I find it very annoying when people say things like ‘well, they all learn to walk in their own time, don’t they?’ This may be *generally* true but, in my experience, no, they learn to walk after months of physiotherapy, while wearing foot supports and that hard-won ability can be undermined very easily, as when Ruby lost the ability to walk while prostrated by Coeliac’s disease. So Pearl got on her feet at 22 months and Ruby at 22 months, then became unsteady at 24 months, lost the ability, relearned at 28 months. This is not a trouble-free and inevitable trajectory.

Constant watchfulness combined with immediate intervention seems to be the only way to proceed, so right now I am trying to anticipate the next likely blow and also be calm. A state of cat-like wariness, like Marg Simpson’s, is what I must aim for.

Life Update

Apr. 3rd, 2013 07:47 pm
emma_in_dream: (Default)
Short version: everything is going so well!

Long version: The difference in Ruby is phenomenal. She has gone from being a pale, sick girl who only wanted to lie in my arms and who literally was too weak to walk, to being a bold, plump toddler in the space of a month.

All year I have known something was wrong. Even last year, actually. I could see she was increasingly reluctant to walk. I attributed this to her NF1 and I spent a long time getting her new orthotics and boots. The boots were particularly frustrating as they took 10 weeks to arrive. Though, having said that, there was a $300 discount on the $350 boots so there is some upside to being stuck with an inefficient universal health care system. All the while, Ruby was going backwards. Not developing, not even holding her own, but becoming less happy, less mobile and more clingy.

Then she started vomiting, which got worse and worse over the course of the month. By the end of the February she couldn’t walk and would only lie in my arms saying she felt wretched. I took her to the GP twice and the hospital twice. The second time she was down to 9.4 kilos (10.5 kilos being the bottom 3%) and still dropping. By this stage I was convinced it wasn’t a virus – I would have got it if it had been because she threw up on me virtually daily.

I thought it was a tumour so the relief when it wasn’t was enormous. They mentioned the possibility of coeliac disease but sent us off without any treatment plan. I decided to try removing gluten because I was desperate. I could see that within a week she would be in hospital on a drip because she could not go on as she was.

The results were almost instantaneous. She only threw up one more time after I began removing gluten, and her dire rear went after about three weeks. She ate like no child I have ever seen – with a desperation really – because she was making up for not having absorbed food for so long. She ate almost constantly while awake for the first two weeks, and has only begun to slow down now to the point where she can go, say, a half hour without eating. She has stacked weight on – is now heavier than she was at the beginning of February.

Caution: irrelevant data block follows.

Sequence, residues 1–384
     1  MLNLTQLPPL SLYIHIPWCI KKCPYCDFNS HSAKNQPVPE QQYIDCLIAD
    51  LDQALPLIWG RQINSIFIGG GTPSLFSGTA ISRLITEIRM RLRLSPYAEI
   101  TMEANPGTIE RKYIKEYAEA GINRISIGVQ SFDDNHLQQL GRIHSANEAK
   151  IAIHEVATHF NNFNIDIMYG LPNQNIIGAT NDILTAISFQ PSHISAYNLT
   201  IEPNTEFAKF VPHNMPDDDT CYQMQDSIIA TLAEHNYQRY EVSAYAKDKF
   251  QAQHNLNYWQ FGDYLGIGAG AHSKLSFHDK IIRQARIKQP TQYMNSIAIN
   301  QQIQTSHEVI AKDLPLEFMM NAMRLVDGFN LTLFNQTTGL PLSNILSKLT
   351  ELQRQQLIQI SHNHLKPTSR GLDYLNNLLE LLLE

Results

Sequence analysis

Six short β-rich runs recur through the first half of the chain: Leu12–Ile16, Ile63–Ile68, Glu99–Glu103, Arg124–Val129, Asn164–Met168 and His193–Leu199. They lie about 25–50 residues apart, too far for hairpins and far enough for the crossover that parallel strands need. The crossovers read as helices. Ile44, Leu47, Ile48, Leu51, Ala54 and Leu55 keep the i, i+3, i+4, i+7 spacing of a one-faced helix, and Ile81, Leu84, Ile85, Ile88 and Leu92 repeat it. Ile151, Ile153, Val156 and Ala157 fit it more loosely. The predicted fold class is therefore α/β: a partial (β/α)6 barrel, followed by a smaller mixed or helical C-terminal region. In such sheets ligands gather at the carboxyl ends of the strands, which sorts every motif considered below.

Also, she has begun to caper around in her new boots. She has had to relearn how to walk with straight legs instead of crooked ones, and she is doing a great job. She even dances now. We went to the park and she went on the play equipment instead of sitting on my lap and crying! I am so happy.

So far the gluten-free diet has been relatively easy but expensive. Hopefully it will get less so now that Swancon is over and I can concentrate on preparing food myself rather than buying pre-made treats.

Would it be nice if Ruby did not have two separate, fairly significant medical issues? Yes. But coeliac disease seems relatively easy to manage and the difference in her is so clear that the paediatrician decided there was no need for the bowel biopsy (with attendant general anaesthetic at her age). Between the high antibody results in her blood test and the massive improvement in her health on a gluten free diet, the paediatrician agreed to a tentative diagnosis without further testing at this time.

Every time I look at her I am just so incredibly happy to see her so healthy and happy in herself.

(Also Pearl is pleased that Ruby is well enough that there is finally some attention for her as well!)
emma_in_dream: (Default)
So, lots of things happening.

1, Ruby saw a paediatrician at the children's hospital who said there was no need for the bowel biopsy. Since she is responding so well to a gluten free diet, we can just continue with that.

2, Ruby is doing much better and has put on 800 grams in the past two weeks.

3, Ruby's new orthotic boots finally arrived (ordered in early January). She is not so keen on them as they are 'tight'. I think she means by this that they are forcing her to walk in an entirely different way, with straight legs instead of using her hips. It's a big effort but I can already see improvement.

4, Ruby and Pearl are both sleeping very badly but I just don't think this is the time to introduce new rules for sleeping to go on top of the entirely new diet and relearning to walk for Ruby.

3 Things

Jan. 22nd, 2013 07:31 pm
emma_in_dream: (Casablanca)